the government to expect people to open new foreign currency 
accounts after taking such a heavy hit on their old ones seems to 
indicate a touching but misplaced faith in our simplicity. The 
finance ministry appears to have learned from Nigeria where the 
government froze foreign exchange accounts three times. Obviously, 
Nigerians aren't as cynical as we are.
All this goes to show that the government can't fool all of the 
people all of the time.

Kalabagh: need for a rational solution
Saiyid Ali Naqvi

"WHY stir up a hornet's nest?" aptly queried a Dawn's editorial 
commenting on the prime minister's May 9 address on electronic 
media, in which Mr Nawaz Sharif did not talk about Kalabagh Dam, 
although the meeting of the Council of Common Interests (CCI), held 
earlier that day, had aroused speculation that he was going to 
announce the long-awaited decision to build the Kalabagh dam.
But, this was prior to May 28, the day the nuclear tests were 
conducted by Pakistan. Elated by the mass euphoria generated by the 
nuclear tests and armed with the near absolute power conferred on 
him by the declaration of emergency soon after the tests, Mr Nawaz 
Sharif decided to abandon the policy of political expediency in 
regard to the thorny question of building the controversial dam, 
practised since General Zia-ul-Haq's days, and confidently 
announced in his June 11 radio and TV address on "national agenda" 
that the Kalabagh Dam would be built.
As expected, this announcement caused an uproar. Responding to the 
strong anti-dam reaction of the three provinces, the NWFP, Sindh 
and Balochistan, the prime minister partially backtracked on his 
earlier statement and announced on June 19 that the dam would be 
built only after removing all doubts and developing a national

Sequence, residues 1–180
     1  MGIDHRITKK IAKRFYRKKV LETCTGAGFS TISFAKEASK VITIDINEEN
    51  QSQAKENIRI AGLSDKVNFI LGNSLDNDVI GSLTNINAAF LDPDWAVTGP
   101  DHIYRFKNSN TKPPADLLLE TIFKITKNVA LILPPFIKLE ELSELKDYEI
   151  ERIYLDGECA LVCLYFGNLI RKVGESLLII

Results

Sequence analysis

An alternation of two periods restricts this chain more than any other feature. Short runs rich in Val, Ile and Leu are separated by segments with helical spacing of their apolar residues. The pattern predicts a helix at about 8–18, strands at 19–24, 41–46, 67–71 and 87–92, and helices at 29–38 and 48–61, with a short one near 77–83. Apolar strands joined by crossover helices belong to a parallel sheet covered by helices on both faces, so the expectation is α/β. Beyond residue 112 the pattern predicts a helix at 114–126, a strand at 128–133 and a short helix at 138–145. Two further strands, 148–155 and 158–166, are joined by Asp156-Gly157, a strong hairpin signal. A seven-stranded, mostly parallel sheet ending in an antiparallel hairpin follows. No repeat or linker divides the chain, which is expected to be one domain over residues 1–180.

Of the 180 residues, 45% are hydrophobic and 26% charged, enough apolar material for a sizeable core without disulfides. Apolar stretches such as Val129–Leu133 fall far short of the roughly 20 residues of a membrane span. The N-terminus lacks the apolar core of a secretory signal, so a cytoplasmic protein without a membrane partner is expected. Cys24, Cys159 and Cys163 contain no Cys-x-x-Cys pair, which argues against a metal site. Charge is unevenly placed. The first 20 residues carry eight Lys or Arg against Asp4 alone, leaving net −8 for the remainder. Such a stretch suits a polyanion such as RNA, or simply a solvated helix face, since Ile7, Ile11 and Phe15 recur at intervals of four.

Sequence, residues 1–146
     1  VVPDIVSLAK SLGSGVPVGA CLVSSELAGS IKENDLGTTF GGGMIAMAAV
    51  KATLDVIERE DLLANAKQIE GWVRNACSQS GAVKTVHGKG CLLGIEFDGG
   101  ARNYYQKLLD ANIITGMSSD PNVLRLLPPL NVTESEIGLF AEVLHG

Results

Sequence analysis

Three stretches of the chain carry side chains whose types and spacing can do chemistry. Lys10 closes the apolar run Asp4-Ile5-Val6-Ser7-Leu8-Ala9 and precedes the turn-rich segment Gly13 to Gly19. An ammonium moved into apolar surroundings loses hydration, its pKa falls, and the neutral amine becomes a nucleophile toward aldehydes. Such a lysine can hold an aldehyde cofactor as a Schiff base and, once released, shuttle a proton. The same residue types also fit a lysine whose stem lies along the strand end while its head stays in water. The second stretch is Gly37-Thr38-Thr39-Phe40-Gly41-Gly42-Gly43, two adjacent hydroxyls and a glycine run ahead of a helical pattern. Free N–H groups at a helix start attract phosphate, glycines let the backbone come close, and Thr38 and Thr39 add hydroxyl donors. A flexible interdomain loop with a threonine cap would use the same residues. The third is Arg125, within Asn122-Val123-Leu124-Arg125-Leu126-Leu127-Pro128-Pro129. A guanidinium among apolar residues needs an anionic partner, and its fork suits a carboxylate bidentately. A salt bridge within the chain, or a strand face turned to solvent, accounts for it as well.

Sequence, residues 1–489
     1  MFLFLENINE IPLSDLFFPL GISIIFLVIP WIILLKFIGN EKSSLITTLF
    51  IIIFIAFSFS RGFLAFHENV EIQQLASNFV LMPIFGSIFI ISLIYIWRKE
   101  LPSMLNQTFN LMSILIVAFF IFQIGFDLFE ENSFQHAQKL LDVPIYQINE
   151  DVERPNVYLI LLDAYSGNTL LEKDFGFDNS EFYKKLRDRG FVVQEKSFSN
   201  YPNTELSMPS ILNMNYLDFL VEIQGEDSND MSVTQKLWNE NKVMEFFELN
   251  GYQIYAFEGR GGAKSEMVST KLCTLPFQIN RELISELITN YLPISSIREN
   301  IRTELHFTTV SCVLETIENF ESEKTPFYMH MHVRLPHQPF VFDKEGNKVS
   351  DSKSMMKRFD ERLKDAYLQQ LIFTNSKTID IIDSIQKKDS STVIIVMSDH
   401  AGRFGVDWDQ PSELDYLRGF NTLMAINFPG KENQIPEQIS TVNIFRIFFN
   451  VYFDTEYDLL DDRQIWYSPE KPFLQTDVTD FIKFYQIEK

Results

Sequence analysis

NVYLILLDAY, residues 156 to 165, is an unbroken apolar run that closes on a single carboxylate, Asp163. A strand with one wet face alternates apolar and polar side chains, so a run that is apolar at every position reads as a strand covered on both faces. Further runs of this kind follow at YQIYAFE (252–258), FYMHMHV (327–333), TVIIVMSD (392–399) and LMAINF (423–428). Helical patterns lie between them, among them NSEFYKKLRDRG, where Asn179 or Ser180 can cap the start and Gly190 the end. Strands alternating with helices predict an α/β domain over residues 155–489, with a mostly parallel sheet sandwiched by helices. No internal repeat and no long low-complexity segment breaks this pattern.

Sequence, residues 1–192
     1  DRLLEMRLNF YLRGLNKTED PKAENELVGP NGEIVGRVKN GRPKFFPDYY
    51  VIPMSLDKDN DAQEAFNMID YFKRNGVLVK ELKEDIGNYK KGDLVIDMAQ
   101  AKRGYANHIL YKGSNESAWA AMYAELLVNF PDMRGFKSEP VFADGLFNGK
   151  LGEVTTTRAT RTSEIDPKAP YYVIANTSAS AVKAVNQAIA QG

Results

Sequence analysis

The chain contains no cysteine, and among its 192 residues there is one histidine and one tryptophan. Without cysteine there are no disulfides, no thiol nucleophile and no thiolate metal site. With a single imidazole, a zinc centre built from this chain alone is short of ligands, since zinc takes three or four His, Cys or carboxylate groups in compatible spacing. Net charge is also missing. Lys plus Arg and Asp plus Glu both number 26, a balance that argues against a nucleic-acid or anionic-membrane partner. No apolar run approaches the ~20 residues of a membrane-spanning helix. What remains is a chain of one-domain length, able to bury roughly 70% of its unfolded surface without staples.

consensus. Does it mean we are back to square one in regard to the 
Kalabagh Dam? Perhaps, it is not so, because the June 11 
announcement has unfrozen the unresolved issues surrounding the 
Kalabagh Dam. The prime minister has also announced his resolve to 
remove what he calls apprehensions and misgivings of the three 
Before discussing how best the issues can be resolved, let us 
dispassionately consider if there is a convincing rationale for 
creating a multipurpose storage reservoir on the Indus and for 
choosing the Kalabagh site for such s reservoir.
A World Bank-sponsored study of Pakistan's water and power 
resources, conducted in mid-1960s, had predicted that the need for 
a second storage on the Indus (Tarbela was to be the first) could 
arise in late 1980s or early 1990s. The study had also concluded 
that the Kalabagh site was the best amongst the sites that were 
examined. Accordingly, WAPDA undertook detailed site investigations 
and feasibility studies. Based on these studies the project 
preparation was completed in mid-1980s. At this stage, however, 
concerns about the impacts of the dam were voiced by the NWFP and 
Sindh. But, instead of addressing those concerns, the country's 
military rulers, fearing a political backlash, opted for the policy 
of political expediency and conveniently put the project in cold 
The country had to spend a lot of hard-earned foreign exchange on 
the import of wheat to meet the widening gap between the demand of 
a growing population and domestic wheat production. Just over the 
past 10 years, more than 24 million tonnes of wheat had to be 
imported. Of this 4 million tonnes (25% of the demand) was imported 
in 1997 at of cost of $1 billion to the already depleted exchequer. 
The continuing production shortfall, which would run into the next